According to researchers, vitamin D deficiency could increase the risk of dementia or Alzheimer’s disease.  Recent studies also show that vitamin D3 and omega 3 fatty acids DHA (docosahexaenoic acid) can fight inflammation and plaque buildup in the brain (the main cause for Alzheimer’s disease). ‘Our new study sheds further light on a possible role for nutritional substances such as vitamin D3 and omega-3 in boosting immunity to help fight Alzheimer's" says Dr. Milan Fiala, from the School of Medicine at UCLA.

2. Auto-immune diseases:

Vitamin D deficiency could lead to a wide range of auto-immune diseases such as respiratory problems, digestive issues or multiple sclerosis.

3. Prostate cancer:

According to researchers, men who are deficient in vitamin D are 5 times more likely to be diagnosed with prostate cancer. Getting sufficient amounts of vitamin D could help to fight the growth of cancer cells.

4. Chronic depression and mental issues such as schizophrenia:

There is a strong coloration between vitamin D deficiency and schizophrenia researchers say. In fact, people with vitamin D deficiency are twice more likely to be diagnosed with schizophrenia and 11 times more likely to be diagnosed with chronic depression.

5. Cardiovascular diseases:

Vitamin D deficiency could lead to a wide range of cardio diseases such as strokes or heart attacks. In fact, researchers suggest that most heart diseases are linked to vitamin D deficiency.

6. Loss of interest in sex:

According to researchers, men with severe erectile dysfunction (ED) are significantly low in vitamin D. ‘Low levels of vitamin D might increase the ED risk by promoting endothelial dysfunction. Men with ED should be analyzed for vitamin D levels and particularly to A-ED patients with a low level a vitamin D supplementation is suggested’ researchers say.

7. Arthritis:

In a study, 62% of patients with psoriatic arthritis showed insufficient levels of vitamin D. Previous research also shows that low levels of vitamin D could result in serve pain and inflammation in joints and conditions such as psoriatic arthritis.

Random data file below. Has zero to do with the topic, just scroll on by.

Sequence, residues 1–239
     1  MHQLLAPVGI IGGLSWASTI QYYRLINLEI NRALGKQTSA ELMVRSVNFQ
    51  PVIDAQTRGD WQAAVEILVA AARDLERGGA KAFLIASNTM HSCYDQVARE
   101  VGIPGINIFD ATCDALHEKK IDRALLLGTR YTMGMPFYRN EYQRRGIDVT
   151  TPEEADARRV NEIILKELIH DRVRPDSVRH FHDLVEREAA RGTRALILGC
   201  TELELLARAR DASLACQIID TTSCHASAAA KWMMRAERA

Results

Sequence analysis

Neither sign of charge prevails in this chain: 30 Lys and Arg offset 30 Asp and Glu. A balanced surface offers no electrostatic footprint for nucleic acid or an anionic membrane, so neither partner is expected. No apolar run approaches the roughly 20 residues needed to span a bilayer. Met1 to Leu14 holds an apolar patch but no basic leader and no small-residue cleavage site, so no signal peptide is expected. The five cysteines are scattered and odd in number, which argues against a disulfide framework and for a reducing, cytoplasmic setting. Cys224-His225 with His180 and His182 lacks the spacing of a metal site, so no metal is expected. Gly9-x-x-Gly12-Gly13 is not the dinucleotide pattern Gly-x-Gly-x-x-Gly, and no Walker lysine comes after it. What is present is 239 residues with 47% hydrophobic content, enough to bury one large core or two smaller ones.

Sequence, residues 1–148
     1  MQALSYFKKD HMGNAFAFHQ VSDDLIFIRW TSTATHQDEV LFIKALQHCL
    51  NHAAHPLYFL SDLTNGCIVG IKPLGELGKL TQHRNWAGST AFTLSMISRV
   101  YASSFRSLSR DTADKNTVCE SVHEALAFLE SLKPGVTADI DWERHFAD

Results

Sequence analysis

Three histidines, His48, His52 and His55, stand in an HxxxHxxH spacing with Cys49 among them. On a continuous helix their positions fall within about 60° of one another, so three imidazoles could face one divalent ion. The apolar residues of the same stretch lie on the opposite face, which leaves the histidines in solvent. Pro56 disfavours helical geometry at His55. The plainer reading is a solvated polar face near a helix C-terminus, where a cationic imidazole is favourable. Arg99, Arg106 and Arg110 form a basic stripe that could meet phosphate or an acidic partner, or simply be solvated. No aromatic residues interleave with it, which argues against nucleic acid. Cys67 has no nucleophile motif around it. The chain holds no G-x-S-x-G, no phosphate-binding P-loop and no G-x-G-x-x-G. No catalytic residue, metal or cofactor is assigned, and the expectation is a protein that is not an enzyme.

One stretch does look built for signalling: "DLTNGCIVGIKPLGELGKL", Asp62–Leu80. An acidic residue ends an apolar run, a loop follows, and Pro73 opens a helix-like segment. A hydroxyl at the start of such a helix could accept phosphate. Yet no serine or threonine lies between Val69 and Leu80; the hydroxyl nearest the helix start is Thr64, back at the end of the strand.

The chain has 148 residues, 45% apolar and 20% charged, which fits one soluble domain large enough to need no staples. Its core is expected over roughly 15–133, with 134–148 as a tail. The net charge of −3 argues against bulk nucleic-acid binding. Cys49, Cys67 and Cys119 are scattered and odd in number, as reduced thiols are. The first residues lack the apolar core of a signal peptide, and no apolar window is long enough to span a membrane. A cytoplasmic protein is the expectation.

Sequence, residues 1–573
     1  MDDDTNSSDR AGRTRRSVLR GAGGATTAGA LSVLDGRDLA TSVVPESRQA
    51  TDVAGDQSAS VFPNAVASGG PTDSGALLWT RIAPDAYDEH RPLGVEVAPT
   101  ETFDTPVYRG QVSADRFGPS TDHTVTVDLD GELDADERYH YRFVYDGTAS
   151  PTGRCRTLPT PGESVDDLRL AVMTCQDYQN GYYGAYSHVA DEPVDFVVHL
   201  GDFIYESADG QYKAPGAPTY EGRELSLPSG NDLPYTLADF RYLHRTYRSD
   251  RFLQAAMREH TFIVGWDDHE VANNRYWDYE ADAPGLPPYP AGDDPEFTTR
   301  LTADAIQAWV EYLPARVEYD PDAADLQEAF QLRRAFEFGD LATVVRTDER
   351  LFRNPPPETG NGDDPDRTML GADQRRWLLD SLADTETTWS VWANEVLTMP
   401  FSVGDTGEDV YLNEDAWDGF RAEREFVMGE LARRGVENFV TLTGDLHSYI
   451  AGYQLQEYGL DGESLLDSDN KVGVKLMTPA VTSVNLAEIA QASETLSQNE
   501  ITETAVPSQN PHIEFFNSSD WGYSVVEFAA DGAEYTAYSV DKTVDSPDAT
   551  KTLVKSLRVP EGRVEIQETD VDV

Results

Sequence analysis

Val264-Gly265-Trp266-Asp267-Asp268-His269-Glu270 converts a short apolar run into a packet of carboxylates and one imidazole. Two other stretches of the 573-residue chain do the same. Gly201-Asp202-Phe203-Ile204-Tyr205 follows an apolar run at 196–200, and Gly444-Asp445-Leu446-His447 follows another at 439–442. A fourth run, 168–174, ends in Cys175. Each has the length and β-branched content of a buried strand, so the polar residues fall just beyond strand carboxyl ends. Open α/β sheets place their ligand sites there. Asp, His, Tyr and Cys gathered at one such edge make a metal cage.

8. Infections such as pneumonia:

According to researchers from University of Eastern Finland, people with vitamin D deficiency are twice more likely to be at the risk of developing infections such as pneumonia. According to Japanese researchers, taking vitamin D supplements on a daily basis could also lower the risk of influenza A infection in children by 40%.

9. Neurological issues such as Parkinson’s disease:

Research shows that vitamin D deficiency could increase the risk of neuromuscular disorders such as multiple sclerosis, or Parkinson's disease.

10. Brain damage or premature death:

According to researchers, rats fed on a diet low on vitamin D suffered severe brain damage from the attack of free radicals. ‘Given that vitamin D deficiency is especially widespread among the elderly, we investigated how, during aging from middle-age to old-age, low vitamin D affected the oxidative status of the brain. Adequate vitamin D serum levels are necessary to prevent free radical damage in brain and subsequent deleterious consequences’ says Prof. Allan Butterfield.

According to researchers, people with vitamin D deficiency are twice more likely to die prematurely. ‘Results of the study revealed that participants with lower levels of 25-hydroxyvitamin D in their blood were twice as likely to die prematurely, compared with those who had higher blood levels of 25-hydroxyvitamin D’ say researchers.